Life, liberty and the pursuit of pet safety

Every Fourth of July, my family and I drag seats into our backyard on Lake Huron of the Great Lakes, open several bags of popcorn and enjoy the show. In any direction you look, colorful fireworks shoot up into the air, lanterns float in the sky and neighbors are enjoying a bonfire. It’s a beautiful celebration of America’s history of freedom, and one we all look forward to. Everyone except my dog, Chewbacca.

Chewbacca is a naturally skittish thing and fireworks make her paranoia about life so much worse. But she isn’t the only dog who has ever been afraid of fireworks. So here are some tips to keep your pet safe during this holiday weekend:

  1. Pets don’t usually associate fireworks with celebration. They can panic when they hear loud whizzes and bangs. So, while this seems obvious, be sure to keep your pets inside. Keeping them in dark spaces with no windows may calm their nerves. This is especially the case if you’re going to a fireworks display away from the home. On top of their nerves from loud noises, being in a crowded and unfamiliar place could agitate them even more.

    Chewbacca's face of fear during a recent thunderstorm.

    Chewbacca’s face of fear during a recent thunderstorm.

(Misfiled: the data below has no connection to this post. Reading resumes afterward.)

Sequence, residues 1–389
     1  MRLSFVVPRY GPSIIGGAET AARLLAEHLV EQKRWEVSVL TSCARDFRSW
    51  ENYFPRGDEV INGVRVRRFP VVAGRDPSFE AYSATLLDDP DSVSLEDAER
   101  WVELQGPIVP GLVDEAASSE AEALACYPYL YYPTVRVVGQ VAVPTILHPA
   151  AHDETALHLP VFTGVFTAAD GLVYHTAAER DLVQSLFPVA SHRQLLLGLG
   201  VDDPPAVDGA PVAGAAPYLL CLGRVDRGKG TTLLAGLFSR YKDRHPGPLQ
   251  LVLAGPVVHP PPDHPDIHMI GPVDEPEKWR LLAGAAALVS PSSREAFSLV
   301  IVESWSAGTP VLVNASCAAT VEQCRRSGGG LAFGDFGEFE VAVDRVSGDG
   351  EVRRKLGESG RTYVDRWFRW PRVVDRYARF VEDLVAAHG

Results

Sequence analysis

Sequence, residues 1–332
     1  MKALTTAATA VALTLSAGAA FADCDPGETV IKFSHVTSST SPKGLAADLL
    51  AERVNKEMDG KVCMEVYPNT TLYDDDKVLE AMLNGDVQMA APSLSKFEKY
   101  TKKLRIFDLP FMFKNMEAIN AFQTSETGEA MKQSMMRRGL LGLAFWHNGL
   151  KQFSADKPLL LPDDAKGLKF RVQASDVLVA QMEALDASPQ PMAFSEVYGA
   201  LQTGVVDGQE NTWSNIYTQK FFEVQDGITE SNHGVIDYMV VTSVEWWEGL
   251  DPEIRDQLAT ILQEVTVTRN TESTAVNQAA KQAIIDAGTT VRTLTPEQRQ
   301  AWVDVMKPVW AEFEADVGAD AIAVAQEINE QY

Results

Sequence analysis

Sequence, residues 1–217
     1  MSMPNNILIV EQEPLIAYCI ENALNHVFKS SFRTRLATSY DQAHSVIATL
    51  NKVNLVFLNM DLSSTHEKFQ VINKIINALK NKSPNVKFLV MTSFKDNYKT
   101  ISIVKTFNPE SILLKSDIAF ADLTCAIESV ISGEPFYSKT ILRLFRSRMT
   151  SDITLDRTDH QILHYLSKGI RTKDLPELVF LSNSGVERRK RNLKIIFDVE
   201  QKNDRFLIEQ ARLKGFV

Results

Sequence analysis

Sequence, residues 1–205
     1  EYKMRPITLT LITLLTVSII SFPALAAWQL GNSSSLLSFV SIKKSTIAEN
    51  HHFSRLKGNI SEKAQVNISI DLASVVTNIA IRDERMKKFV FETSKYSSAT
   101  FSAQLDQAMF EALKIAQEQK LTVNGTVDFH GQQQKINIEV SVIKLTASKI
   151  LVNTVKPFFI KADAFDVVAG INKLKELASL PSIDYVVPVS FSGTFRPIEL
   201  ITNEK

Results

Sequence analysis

2. Do not leave your pet in a car for long periods of time. Just like humans, your pets can get heatstroke and even die from being in hot cars. Days above 90°F and/or with high humidity are of special concern. Dogs sweat through their paws, but this isn’t always enough to rid the body of heat. When that isn’t enough, they pant. As they pant, hot air leaves the body, but this can only make the heat inside the car that much worse for your four-legged friends. A good tip: If your pet cannot come with you when you when you get out of the car, leave your pet at home.
  3. If you’re using pesticides to ward away insects for you, be sure to keep your pet’s safety in mind as well. Remove pets, toys, bones, food bowls and any bedding from the area before spraying. Wait until the area is completely dry and well ventilated before returning items to the space. For more tips on pesticide use around pets, click here. Citronella candles, insect coils and other oil products to detract insects are also toxic to your pet.
  4. Should your pet be more relaxed around fireworks, still use caution. Fireworks left unattended could be consumed—these combustible products can sometimes contain arsenic, potassium nitrate and other potentially toxic materials. Recently-lit fireworks can cause burns or other trauma to the face or paws. Same goes for matches, lighters and lighter fluid—these products are not safe for your pet to consume, so keep these away.
  5. No table food! Read this blog post on some common household foods that can be toxic to your pet, including avocados and grapes.
  6. Be sure your pet is properly tagged or microchipped should they slip through a fence or become detached from their leash. (Bonus tip: Keep a tight grip on your animal’s leash! Even the smallest noise could cause them to get scared and want to run.)  It is also important to keep an up-to-date photo of your pet in the case that you need to make a lost pet flyer.

Keep these tips in mind when celebrating to have a happy and safe Fourth of July!

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